We LOVE this because it means people are being proactive in their diabetes management, making efforts to educate themselves and taking an active role in their health!
While we’ve written more extensively about healthy blood sugar ranges here, listed a detailed blood sugar levels chart here and described the links between home glucose checks and A1c here, today we're here to look at some practical examples of the numbers you might see and how to interpret them.
*Please note that the following scenarios are simply describing general case-scenarios without a full assessment of all the information. Your individual treatment plan should take into consideration your current health, disease history, risk factors, age, physicality, capabilities, preferences and your willingness to prioritize diabetes management.
Scenario #1: Fasting Blood Glucose
Example#1: My fasting numbers are 101-118 (5.6-6.6), does this sit within range?
This is a fairly good range. The optimal range is 70-100 (3.9-5.5), which is considered ‘normal.' So if you are coming in the range of 101-118 (5.6-6.6), this is close.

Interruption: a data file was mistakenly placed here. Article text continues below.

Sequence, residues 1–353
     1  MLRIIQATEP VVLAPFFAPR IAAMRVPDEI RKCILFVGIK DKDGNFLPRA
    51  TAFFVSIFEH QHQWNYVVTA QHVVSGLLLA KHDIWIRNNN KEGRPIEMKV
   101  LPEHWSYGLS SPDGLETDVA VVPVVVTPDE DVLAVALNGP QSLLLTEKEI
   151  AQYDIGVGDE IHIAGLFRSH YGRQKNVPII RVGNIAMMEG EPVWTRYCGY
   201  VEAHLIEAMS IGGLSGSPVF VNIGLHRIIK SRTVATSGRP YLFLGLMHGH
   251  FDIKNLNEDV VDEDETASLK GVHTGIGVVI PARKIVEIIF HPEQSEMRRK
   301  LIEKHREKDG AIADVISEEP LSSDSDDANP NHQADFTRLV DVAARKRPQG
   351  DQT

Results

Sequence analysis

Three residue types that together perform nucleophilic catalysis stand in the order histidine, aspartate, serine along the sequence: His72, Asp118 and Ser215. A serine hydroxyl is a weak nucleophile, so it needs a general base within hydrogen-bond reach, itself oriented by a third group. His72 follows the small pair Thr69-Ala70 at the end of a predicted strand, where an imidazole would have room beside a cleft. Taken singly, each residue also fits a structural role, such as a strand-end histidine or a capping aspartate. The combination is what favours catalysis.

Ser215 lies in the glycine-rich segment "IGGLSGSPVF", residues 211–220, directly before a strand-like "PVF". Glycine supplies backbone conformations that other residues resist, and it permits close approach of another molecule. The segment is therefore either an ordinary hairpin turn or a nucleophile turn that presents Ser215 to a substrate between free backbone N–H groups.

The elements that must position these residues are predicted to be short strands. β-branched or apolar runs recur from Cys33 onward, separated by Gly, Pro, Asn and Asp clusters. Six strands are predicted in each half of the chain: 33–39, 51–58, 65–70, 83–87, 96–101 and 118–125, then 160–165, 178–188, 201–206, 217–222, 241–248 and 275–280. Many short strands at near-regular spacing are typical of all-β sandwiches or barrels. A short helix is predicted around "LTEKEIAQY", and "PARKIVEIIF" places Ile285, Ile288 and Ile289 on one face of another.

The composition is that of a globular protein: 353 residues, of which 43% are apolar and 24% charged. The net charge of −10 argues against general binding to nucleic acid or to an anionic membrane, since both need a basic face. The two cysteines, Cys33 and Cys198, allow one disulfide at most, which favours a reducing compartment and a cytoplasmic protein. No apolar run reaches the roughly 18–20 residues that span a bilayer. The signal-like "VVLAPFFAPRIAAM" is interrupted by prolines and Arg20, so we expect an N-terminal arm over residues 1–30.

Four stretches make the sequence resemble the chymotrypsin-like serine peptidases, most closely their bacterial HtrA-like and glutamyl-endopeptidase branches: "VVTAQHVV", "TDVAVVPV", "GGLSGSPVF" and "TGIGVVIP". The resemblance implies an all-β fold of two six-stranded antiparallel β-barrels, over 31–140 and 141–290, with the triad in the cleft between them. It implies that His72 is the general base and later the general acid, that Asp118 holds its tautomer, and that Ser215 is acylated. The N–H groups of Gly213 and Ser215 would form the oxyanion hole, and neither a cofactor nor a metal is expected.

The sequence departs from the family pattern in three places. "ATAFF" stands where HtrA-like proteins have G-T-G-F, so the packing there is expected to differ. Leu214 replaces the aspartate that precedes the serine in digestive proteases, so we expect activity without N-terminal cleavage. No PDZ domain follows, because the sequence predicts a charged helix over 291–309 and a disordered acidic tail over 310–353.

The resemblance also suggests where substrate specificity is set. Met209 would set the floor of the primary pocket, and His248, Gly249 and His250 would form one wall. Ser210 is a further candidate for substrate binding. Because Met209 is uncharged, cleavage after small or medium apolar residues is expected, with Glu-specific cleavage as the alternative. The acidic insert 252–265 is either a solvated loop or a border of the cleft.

For people with type 2 diabetes, having elevated morning blood sugar levels is quite common. Metabolism, hormones and various other factors can change in diabetes, all of which influence fasting levels. The best course of action is to get your daily blood sugar levels within a healthy range, and keep them there, as this will also influence your fasting numbers.
In terms of fasting glucose and risk of complications, we do need more data. However, studies show that a fasting level under 121 mg/dL (6.7 mmol/l) have the least amount of risk for acquiring some vascular diabetic complications such as retinopathy and nephropathy. Other studies suggest fasting levels over 126 mg/dL (7 mmol/l) is where diabetic complications begin to increase.